Cincinnati Police District 3

  • District 3
  • District 3

Cincinnati Police District 3

The City of Cincinnati commissioned emersion DESIGN as part of a design/build team to design and construct the District 3 Police Station Headquarters. This new 40,000 square foot, state-of-the-art facility, located on the City’s west side, will allow 200 of Cincinnati's finest to better respond to citizens' needs in the 14 western neighborhoods of District 3. Additionally, this headquarters is on track to become the first free standing Net-Zero-Energy police station in the country. Working with the police staff, neighborhood committees, and city planners, aggressive goals were set to reduce life-cycle cost of the building while maintaining function for police activities, security for occupants, and an aesthetically appealing design within the community.

The project acts as a catalyst for appropriate means to integrate both environmental and community sustainability. Paying particular attention to notable existing buildings in the 14 District 3 neighborhoods, features from each were transformed to create a city building that meshes into the fabric of the existing community. Community engagement, through neighborhood committees, factored into the design process as well as public art within the building and on the surrounding site.

Net Zero Energy

LEED Platinum pending

1 Percent Art Program

Community facilitation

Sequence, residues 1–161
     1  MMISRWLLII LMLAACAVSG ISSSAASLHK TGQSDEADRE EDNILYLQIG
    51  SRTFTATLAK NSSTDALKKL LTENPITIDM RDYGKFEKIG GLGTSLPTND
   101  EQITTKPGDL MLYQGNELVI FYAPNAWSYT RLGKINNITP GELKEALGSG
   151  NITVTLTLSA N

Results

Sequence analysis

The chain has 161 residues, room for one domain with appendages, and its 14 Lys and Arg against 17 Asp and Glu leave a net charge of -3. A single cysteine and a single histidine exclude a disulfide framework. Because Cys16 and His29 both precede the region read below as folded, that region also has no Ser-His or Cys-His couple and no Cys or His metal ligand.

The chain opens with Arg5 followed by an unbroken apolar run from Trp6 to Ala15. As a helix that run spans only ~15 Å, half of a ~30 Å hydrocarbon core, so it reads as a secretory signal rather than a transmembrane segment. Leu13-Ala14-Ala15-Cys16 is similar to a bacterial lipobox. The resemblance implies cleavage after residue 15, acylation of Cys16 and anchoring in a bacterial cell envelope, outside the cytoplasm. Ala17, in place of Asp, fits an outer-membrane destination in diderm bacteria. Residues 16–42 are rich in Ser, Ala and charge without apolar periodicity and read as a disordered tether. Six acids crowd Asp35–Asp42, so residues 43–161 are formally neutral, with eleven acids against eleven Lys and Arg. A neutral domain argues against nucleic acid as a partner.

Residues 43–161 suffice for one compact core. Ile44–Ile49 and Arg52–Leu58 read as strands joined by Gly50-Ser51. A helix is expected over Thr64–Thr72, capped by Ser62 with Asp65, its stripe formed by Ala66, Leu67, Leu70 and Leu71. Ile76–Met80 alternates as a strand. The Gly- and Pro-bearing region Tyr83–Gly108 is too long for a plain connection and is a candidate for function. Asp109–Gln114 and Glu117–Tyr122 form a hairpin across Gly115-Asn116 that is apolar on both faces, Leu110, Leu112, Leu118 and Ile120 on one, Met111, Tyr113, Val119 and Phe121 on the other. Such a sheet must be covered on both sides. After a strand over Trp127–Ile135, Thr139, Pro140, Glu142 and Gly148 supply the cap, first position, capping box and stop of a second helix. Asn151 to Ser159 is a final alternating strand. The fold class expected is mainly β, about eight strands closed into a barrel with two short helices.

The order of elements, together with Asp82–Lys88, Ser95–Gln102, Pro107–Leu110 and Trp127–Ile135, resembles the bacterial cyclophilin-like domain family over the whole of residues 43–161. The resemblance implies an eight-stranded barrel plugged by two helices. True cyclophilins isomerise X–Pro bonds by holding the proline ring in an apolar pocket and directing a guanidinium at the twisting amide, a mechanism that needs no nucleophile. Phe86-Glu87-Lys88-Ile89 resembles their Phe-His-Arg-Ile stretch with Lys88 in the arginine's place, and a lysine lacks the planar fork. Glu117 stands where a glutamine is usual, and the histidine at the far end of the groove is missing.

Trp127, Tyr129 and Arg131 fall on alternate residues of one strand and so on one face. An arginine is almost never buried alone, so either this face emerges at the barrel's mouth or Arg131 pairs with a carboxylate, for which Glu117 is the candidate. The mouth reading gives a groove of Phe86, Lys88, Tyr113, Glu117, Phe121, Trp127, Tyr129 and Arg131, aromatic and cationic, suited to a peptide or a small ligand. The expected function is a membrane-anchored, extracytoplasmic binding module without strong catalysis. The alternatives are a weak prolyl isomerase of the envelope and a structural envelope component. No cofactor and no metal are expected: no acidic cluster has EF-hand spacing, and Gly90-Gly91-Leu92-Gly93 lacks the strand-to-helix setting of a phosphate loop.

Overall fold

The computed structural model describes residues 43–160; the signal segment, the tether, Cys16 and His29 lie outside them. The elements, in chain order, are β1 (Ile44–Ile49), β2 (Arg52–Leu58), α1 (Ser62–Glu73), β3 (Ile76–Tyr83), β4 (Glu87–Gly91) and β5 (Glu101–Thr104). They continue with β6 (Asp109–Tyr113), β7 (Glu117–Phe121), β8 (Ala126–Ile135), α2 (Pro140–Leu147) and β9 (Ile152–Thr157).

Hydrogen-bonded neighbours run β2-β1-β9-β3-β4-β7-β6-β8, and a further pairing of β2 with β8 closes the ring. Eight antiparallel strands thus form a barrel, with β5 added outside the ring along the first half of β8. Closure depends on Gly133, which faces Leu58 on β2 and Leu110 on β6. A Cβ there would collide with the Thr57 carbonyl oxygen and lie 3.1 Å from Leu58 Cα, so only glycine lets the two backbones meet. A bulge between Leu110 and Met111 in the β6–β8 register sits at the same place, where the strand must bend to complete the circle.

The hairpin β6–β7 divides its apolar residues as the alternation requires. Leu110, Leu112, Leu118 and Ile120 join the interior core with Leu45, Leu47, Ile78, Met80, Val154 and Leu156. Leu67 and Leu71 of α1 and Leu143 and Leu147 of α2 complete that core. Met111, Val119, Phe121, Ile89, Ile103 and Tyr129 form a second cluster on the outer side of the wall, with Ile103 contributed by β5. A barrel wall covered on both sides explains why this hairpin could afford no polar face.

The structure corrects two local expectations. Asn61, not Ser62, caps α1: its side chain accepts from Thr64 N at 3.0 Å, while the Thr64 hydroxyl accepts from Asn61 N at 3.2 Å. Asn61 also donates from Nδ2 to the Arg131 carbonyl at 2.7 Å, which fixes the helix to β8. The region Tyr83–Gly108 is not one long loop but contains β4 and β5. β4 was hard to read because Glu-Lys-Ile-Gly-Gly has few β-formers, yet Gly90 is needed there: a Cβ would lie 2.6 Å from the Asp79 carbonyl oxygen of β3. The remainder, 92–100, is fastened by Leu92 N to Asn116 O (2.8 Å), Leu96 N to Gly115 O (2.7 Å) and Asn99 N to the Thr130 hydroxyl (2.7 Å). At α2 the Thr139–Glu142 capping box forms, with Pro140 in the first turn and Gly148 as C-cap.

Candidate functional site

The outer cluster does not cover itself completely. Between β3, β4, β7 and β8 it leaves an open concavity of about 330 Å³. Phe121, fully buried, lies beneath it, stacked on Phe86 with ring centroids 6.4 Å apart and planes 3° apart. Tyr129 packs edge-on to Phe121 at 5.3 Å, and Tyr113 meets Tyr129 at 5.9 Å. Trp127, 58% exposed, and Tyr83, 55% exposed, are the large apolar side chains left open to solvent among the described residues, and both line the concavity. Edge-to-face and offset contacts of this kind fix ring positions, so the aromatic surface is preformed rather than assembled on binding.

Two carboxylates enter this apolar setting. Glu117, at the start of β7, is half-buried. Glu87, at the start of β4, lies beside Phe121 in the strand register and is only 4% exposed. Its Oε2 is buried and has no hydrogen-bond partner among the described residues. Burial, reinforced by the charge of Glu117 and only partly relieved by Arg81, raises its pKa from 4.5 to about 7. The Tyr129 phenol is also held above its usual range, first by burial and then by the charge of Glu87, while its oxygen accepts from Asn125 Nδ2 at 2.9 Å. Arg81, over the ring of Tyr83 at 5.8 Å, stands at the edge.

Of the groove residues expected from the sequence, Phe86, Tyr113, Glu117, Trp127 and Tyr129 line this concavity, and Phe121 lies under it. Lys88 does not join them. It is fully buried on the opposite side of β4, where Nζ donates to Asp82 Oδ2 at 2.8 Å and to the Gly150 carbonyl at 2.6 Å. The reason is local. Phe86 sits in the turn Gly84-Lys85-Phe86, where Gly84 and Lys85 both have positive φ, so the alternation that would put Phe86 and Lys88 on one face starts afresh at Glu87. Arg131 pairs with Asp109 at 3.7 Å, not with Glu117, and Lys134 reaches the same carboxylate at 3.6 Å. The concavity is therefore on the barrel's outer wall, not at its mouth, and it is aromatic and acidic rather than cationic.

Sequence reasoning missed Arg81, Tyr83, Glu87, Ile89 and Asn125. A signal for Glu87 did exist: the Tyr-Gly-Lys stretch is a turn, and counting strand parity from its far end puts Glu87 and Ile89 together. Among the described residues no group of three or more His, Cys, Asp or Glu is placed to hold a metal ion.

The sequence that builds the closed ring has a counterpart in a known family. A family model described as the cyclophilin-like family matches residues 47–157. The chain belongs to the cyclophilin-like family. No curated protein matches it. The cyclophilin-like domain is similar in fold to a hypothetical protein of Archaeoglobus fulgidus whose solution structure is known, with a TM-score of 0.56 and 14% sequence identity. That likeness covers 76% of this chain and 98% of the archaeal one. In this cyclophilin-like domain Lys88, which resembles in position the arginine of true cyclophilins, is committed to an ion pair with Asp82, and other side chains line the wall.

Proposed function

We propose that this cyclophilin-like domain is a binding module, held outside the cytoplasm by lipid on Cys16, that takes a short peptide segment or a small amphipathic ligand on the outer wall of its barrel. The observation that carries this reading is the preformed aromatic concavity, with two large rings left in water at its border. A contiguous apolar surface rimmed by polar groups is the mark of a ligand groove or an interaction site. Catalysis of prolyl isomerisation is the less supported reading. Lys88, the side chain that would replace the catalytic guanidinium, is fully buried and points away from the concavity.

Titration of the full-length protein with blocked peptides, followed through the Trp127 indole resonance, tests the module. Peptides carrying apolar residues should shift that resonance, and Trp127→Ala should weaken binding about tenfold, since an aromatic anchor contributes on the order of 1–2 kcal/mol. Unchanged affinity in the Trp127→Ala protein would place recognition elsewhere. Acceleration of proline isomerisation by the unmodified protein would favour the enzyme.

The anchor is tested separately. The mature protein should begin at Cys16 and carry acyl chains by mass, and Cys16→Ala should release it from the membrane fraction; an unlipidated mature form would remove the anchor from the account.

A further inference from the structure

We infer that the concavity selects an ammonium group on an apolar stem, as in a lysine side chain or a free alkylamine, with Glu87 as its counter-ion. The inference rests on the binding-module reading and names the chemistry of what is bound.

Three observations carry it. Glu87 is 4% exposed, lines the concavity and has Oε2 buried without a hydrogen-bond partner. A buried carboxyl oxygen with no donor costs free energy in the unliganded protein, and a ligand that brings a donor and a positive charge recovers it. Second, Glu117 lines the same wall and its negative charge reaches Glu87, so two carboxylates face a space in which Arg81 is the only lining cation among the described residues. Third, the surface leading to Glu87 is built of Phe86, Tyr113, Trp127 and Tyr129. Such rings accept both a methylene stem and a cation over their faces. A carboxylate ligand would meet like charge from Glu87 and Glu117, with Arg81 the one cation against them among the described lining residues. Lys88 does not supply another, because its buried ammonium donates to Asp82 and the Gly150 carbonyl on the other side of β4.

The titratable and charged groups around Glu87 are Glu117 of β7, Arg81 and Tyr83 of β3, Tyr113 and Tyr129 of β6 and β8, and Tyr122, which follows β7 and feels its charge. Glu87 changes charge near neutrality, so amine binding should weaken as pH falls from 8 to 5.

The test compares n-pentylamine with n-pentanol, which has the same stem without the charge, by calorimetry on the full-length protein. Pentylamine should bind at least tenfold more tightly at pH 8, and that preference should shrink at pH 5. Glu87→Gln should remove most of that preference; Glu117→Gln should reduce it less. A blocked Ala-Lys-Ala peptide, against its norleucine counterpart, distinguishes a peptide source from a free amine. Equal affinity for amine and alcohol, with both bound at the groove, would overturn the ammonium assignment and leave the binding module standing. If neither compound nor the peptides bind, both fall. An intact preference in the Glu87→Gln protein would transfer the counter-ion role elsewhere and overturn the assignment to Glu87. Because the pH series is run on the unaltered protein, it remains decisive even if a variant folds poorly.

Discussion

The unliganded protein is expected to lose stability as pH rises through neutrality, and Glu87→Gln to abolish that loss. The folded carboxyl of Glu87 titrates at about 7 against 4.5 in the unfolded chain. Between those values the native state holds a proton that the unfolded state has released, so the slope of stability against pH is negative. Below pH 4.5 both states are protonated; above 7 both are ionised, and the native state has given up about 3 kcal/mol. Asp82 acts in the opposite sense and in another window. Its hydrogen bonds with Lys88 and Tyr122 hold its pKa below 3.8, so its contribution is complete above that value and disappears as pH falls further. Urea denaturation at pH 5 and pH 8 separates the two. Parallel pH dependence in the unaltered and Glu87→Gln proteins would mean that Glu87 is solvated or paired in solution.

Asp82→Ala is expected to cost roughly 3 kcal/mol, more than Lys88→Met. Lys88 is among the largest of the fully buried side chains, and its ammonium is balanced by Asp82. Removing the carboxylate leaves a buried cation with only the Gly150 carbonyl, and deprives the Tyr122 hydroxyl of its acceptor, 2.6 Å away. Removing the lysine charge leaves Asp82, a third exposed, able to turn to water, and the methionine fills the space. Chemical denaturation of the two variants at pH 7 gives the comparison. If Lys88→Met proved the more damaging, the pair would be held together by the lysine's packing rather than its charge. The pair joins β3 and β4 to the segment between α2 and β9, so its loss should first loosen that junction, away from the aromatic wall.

Crime Prevention Through Environmental Design

City of Cincinnati
Energy use intensity
26.6 kBtu/ft2
Project contact
Michael Chapman
project manager
513 841 3084
The project included a public art component. Each of the 14 neighborhoods in District 3 is identified with an iconic image and community story expressed on Plexiglas blade and mounted to a precast column. The blades are lit by colored LED lights.
DiSH Design
The owner, contractor and design team worked with a Community Advisory Team to identify and design 4 art components integrated into the police station. A solid surface topographical map is positioned in the public waiting area. Icons are identified as part of the neighborhood wayfinding.
DiSH Design
The committee met the design team 12 times to work through the various art components. Neighborhood icons were selected to be printed on a film and installed on the windows of the community room, which can be seen from Ferguson Road.
DiSH Design
The committee also desired an enhanced landscape package. The rainwater is collected in a stone 'river' and enhanced bioswales to allow for aquifer recharge and filtration before reaching the overflow.
DiSH Design